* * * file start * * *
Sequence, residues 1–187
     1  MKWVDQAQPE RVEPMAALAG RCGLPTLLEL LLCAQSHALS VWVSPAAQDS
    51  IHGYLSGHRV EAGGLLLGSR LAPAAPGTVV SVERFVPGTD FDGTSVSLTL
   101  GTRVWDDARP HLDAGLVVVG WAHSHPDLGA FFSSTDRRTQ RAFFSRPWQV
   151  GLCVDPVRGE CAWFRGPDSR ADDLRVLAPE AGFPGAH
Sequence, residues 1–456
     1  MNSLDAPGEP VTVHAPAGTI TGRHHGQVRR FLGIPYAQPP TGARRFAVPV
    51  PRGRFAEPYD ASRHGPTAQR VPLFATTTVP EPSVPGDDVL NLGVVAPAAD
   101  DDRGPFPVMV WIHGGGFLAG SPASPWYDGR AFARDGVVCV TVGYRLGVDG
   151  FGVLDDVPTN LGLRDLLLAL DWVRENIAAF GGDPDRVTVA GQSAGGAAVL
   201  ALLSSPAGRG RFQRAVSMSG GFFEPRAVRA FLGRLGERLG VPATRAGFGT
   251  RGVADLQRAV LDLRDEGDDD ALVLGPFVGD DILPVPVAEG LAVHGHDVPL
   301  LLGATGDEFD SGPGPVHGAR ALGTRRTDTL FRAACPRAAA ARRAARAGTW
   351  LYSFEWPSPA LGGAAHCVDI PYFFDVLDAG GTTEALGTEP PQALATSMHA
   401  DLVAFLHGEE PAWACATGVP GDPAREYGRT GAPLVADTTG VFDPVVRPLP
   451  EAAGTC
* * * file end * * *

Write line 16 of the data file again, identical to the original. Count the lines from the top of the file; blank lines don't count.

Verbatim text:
   451  EAAGTC